Communist Party of India-Marxist chief Sitaram Yechury has written to Prime Minister Narendra Modi, expressing concern over how the government's plan to replace the University Grants Commission (UGC) with a new body would adversely affect higher education in India, like an "external enemy" destroying a country.
Opposing the government's proposed Higher Education Commission of India (HECI) Draft Bill, Yechury in the letter has asked Modi to hold wider consultations with all stakeholders rather than rushing the legislation to parliament.
"I am constrained to draw your attention to the draft legislation prepared by the Ministry of Human Resource Development for establishing the Higher Education Commission of India replacing the existing University Grants Commission which had been earlier established by the parliament of India.
"After carefully going through the provisions of the proposed bill we, from the Communist Party of India-Marxist, are compelled to come to the conclusion that if the bill is enacted in the present form and with the approach that its provisions suggest, it will have a major adverse impact on higher education in the country in general and public funded higher education in particular."
He said as it is often said, it does not require an external enemy to destroy a country. "Destruction of its education system is more than adequate to ensure that outcome. I am afraid that the present draft bill needs to be withdrawn to avert that eventuality."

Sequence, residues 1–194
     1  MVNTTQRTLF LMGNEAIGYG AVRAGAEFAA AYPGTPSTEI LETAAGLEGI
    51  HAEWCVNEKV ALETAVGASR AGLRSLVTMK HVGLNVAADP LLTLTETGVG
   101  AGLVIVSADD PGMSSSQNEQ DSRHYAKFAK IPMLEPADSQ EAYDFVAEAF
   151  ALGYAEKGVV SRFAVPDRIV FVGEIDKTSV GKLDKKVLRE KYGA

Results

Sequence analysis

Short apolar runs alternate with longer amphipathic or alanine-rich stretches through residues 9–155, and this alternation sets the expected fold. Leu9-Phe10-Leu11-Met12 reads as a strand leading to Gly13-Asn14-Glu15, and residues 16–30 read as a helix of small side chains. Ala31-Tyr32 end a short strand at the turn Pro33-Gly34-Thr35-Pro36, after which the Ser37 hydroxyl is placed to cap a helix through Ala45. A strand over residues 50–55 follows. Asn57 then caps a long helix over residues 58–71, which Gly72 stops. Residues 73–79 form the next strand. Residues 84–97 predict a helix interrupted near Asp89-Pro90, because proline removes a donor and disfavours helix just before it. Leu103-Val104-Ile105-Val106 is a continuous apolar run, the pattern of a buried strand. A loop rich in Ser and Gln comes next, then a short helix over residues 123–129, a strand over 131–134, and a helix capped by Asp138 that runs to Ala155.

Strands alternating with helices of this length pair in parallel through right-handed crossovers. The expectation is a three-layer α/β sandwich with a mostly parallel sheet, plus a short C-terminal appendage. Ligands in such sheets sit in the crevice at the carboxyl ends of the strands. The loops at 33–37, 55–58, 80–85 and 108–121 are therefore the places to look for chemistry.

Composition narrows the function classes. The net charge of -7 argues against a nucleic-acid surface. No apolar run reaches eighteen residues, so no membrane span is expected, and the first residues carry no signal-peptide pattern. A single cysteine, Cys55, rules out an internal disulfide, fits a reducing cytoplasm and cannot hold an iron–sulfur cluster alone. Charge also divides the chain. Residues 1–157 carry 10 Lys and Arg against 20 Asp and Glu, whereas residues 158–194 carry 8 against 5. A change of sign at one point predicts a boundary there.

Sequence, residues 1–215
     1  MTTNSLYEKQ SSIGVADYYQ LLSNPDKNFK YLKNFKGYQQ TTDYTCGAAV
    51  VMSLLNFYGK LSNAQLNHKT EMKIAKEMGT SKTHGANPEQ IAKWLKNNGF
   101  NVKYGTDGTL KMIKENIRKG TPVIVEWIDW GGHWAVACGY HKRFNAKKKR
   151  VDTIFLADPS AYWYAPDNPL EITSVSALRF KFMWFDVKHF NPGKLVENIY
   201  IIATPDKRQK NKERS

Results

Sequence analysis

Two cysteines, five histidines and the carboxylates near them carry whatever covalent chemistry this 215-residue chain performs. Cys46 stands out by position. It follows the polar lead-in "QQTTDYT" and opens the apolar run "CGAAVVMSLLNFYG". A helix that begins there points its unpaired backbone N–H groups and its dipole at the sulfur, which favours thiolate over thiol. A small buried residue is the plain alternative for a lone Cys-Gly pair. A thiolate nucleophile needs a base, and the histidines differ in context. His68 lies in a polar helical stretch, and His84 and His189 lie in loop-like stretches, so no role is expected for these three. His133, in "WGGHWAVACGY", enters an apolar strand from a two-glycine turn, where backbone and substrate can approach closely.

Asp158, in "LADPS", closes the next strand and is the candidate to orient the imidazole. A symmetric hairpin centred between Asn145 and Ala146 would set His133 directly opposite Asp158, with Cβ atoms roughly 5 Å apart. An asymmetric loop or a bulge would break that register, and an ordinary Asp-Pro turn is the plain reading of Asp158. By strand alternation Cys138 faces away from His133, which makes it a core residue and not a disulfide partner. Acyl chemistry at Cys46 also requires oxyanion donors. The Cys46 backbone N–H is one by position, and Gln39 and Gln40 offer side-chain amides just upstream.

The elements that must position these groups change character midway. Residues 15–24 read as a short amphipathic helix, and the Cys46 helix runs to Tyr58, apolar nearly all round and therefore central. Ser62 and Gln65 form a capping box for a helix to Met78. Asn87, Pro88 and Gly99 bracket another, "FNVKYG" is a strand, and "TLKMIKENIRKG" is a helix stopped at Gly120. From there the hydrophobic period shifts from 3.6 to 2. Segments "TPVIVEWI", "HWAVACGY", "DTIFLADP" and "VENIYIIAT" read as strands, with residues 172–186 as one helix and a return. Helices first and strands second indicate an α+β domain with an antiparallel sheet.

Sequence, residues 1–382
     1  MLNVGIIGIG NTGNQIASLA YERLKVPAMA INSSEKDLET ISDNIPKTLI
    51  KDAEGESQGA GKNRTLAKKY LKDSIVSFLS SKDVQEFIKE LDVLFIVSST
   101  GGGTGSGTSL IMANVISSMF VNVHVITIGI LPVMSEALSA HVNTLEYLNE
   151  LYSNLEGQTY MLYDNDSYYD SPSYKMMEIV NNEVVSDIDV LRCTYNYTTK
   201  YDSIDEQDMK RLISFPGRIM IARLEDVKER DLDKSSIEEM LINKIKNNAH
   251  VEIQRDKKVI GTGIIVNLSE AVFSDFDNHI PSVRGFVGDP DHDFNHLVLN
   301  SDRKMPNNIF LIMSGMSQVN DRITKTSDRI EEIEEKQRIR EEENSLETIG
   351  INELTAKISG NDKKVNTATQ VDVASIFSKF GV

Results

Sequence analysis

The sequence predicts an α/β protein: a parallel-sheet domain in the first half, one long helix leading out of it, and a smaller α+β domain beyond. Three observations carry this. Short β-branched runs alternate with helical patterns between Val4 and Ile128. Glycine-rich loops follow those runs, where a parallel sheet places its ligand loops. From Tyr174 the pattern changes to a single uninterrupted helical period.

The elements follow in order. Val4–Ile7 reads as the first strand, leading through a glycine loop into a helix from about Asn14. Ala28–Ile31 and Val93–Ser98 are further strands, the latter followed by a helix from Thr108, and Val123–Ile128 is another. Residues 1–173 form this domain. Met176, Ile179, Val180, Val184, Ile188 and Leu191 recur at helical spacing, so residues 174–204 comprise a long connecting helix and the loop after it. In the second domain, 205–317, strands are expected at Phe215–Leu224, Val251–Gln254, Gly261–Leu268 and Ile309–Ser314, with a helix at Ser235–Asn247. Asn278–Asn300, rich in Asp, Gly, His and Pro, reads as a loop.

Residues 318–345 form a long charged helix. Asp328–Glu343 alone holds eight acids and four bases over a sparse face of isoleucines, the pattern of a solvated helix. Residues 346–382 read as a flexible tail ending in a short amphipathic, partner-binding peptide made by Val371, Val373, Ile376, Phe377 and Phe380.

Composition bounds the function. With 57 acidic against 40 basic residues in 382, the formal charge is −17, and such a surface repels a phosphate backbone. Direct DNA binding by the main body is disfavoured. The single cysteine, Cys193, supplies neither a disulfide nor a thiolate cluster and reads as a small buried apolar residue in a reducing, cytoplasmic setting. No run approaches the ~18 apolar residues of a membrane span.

The CPI (M) also released its note explaining why it was opposed to the move.
The NDA-II government, it alleged, has repeatedly targeted public-funded higher education and research in the last four years.
"Its hostility against the culture of democratic debates and rational social enquiry in premier universities by demonising and mobilising negative public opinion against sections of students and faculty, its authoritarian challenge to academic and intellectual autonomy, and its aggressive promotion of mythological beliefs and supremacist bias against scientific and historical facts constitute one dimension of this attack."
The CPI (M) said the other and "more systematic way" in which the government tried to bring higher educational institutions "down on their knees is by continuously slashing budgetary allocations to the UGC" and asking public-funded institutions to generate a part of their costs through internal resources and loans.
The government, it said, has drastically reduced seats and fellowships for M.Phil. and Ph.D. research programmes and promoted short-term contractual employment of faculty and administrative staff instead of permanent recruitment.
The CPI (M) said the government's educational reform is guided by twin concerns that threaten to destroy the foundations of higher education in independent India.
"These twin concerns are privatisation, and social exclusion. The twin agendas are strongly reflected in the draft bill" on the proposed legislation to be introduced in the monsoon session of parliament.
"The CPI-M will approach all secular, democratic parties, educationists, intellectuals, teaching fraternity, students and all other concerned individuals and organisations to build a broad resistance against this."